Tuesday, March 12, 2013

Car Seat Canopy Tutorial for Sewing Dummies


Being a sewing dummy myself, I thought I would try to help those out there who may be new to sewing and want to do a fairly simple, cute, and useful project for their bambino (or a nice shower gift). I do link up to four different tutorials I used to make mine, so jump around to those ones if you'd like!

Notes to begin:
• the car seat I'm working with is a Baby Trend Flex-Loc Infant Carseat. Here is a link to a tutorial that fits a Graco car seat, and here's another one.
• I've inserted personal sewing-related notes in italics throughout the tutorial. Feel free to ignore them.


Needed Supplies
Coordinating Thread
1 Yard Top Fabric
1 Yard Coordinating Bottom Fabric
2 - 6"x8" Coordinating Fabric Pieces
2 - 2.5" x 8" Coordinating Fabric Pieces
2 - 1.5" x 3.75" Velcro Strips
2 Coordinating Buttons

 (thread not pictured because I forgot...oops!)

The Blanket Portion
(This is the fairly easy part, so let's start here.)

Step 1: Wash your fabrics on cold and dry on highest setting
 As a sewing dummy I have forgotten this step and cut my fabric first and then had to re-cut after I washed them. It's annoying. 

Step 2: Cut both fabrics to 33"x42" 
 When cutting, I find that it's easiest to lay one piece of fabric (right side up) on carpet, smooth it out, then lay the bottom fabric (right side down) then smooth them out together. Then I pick up both pieces and move them to a wood surface to cut with scissors. If using a rotary cutter and cutting pad, you could stay on the carpet to do your cutting. 

Step 2 (Optional Rounded Corners): Fold both fabrics together in half and then in half again so all corners are touching. Then get a plate and either (a) use your rotary cutter to cut off corners of your fabric or (b) mark where the plate meets the fabric with a pencil or fabric marker and then cut off corners with scissors.


Step 3: Unfold fabric pieces and pin the fabric pieces together.

 (Pinning not pictured because I forgot, and even for dummies, pinning fabric is pretty straightforward)

Step 4: Using a straight stitch on your sewing machine and a 1/4" seam allowance (the edge of the pedal), sew the two fabric pieces together leaving an 8" opening to turn it right side out.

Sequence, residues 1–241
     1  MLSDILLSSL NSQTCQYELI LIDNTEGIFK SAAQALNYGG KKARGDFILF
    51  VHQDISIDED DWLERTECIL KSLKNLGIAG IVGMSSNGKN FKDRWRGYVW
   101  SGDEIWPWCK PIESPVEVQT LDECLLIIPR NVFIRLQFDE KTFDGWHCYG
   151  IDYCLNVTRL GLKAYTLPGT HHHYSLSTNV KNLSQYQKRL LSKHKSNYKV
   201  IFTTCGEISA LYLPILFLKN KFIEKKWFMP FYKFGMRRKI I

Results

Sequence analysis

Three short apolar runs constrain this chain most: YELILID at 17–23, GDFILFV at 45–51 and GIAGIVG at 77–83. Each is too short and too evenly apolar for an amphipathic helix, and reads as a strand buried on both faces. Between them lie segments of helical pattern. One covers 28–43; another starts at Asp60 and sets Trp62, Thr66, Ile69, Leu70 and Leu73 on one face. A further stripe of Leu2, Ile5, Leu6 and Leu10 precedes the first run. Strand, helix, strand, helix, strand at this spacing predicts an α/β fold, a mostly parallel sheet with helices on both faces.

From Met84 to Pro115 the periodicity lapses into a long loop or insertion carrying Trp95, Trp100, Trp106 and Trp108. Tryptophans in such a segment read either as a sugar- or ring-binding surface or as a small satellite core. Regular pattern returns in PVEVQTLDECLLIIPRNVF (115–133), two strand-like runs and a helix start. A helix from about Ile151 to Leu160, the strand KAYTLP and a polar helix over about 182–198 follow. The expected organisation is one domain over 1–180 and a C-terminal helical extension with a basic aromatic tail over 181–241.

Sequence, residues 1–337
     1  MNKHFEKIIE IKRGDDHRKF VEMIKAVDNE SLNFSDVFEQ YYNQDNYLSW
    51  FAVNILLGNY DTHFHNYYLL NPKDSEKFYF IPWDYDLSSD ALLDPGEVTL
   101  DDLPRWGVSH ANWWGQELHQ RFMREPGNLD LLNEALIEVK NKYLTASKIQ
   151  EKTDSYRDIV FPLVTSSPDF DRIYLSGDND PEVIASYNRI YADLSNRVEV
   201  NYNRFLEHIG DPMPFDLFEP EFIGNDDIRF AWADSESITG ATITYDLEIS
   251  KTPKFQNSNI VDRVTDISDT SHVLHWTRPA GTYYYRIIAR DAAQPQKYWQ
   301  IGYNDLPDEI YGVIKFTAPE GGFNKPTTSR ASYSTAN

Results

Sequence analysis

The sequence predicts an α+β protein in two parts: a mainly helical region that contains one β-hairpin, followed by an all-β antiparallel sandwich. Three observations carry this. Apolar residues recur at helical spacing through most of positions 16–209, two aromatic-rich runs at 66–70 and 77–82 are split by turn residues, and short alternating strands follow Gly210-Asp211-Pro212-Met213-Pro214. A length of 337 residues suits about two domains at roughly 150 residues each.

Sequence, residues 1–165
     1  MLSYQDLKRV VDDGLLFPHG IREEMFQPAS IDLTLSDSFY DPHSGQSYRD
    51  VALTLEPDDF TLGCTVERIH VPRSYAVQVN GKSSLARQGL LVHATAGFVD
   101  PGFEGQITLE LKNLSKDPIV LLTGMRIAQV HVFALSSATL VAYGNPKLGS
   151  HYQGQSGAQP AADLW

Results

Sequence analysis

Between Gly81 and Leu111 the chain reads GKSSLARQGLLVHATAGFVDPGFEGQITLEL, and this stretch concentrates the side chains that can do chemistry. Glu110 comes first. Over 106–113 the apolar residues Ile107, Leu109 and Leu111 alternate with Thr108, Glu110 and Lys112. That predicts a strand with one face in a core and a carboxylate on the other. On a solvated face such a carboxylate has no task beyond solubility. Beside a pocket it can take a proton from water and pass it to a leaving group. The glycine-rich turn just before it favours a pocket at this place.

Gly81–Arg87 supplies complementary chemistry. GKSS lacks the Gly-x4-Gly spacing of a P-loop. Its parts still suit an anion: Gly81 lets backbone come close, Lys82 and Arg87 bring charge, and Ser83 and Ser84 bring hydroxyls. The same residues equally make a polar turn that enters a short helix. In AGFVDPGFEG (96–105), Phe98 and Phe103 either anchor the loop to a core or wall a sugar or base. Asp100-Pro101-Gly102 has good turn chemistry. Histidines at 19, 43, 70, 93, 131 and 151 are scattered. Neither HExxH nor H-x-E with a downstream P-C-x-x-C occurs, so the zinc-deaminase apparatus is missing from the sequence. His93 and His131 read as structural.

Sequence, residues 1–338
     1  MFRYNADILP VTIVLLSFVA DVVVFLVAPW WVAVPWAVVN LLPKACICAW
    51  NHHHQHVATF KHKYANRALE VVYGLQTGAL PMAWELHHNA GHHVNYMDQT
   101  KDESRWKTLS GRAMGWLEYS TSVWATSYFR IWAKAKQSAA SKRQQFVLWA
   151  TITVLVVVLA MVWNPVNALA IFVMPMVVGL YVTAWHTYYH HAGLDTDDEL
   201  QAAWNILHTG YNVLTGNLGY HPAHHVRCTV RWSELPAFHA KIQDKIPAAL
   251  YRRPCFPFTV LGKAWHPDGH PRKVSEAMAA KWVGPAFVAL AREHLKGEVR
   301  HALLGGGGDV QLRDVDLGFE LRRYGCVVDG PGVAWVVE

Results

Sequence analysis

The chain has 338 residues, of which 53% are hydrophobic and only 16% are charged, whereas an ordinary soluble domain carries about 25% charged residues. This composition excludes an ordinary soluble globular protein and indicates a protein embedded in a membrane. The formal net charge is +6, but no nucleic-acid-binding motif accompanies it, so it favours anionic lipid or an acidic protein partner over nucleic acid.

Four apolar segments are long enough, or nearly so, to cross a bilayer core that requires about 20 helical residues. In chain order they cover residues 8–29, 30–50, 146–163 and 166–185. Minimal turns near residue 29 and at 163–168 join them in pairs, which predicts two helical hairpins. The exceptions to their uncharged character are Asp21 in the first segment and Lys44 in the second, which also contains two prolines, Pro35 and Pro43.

When I need to turn fabrics, I pin all around the fabric, then reverse two of the needles and pin them backwards. Then, using the picture below as a reference, I began at the yellow needle, stitched all around the fabric to the pink needle, back-stitched, stitched to the yellow needle, and back-stitched. Then I just pulled out the thread between the two needles.

 
Step 5: Clip notches out of the corners of your fabric or use pinking shears to do the same thing. Be careful not to clip the stitches!
As a sewing dummy, I strongly recommend you invest in some pinking shears! At my local craft store I got them for 40% off with a coupon and the total price was about $10. Such a good investment and it has saved me so much time and agony by not having to notch out every corner I turn and tuck! For this project I also just cut around the entire fabric to minimize bulkiness, but that probably isn't necessary.


Step 6: Iron the un-sewed portion of the fabric open. This will keep that portion tucked in nicely during the top-stitching in the next step.
Every time I turn a fabric I use this trick. A huge time-saver!


Step 7: Turn the blanket right-side out, top-stitch around the edge of the blanket with a 1/4" seam allowance, and admire your handy-work!
Have fun with the top stitch and use a fun color or a new stitch on your machine! On mine I used a grey thread on top and a blue on bottom and the stitch I used can be seen in the pictures of the straps.


The Straps Portion
 I used velcro to connect my straps because I wanted buttons, and I liked the multi-fabric-layered look, but there are tons of ways to do your straps. Here are some other strap tutorials I found: 

Step 1: Iron all four straps length-wise in half with the right-side facing out. Unfold them and fold the long-ends into the middle and iron again.
Clear as mud, right? Hopefully the pictures can explain better than I can.


Step 2: Place the wider straps with the ends face-up and the thinner straps over-top of them with the ends face-down. The edges of both of the fabrics should match up, but don't stress if it's not perfect.


(The pieces on the left just show you how each of the pieces should look after ironing, and the one on the right shows how they go together.)

Step 3: Sew the two pieces together by top-stitching the lengths of the thinner strips (be sure your stitch is wide enough so it catches both fabrics). When they both strips are secured together, fold the shorter ends of the strips down under and do a simple stitch straight across to finish them off.

This is where I really went rogue with my version because I had a hard time following the other tutorials. Admittedly it's not the most beautiful thing ever, but it's cute, does the job, and the ugliest parts are on the underside of the straps, rarely seen anyway.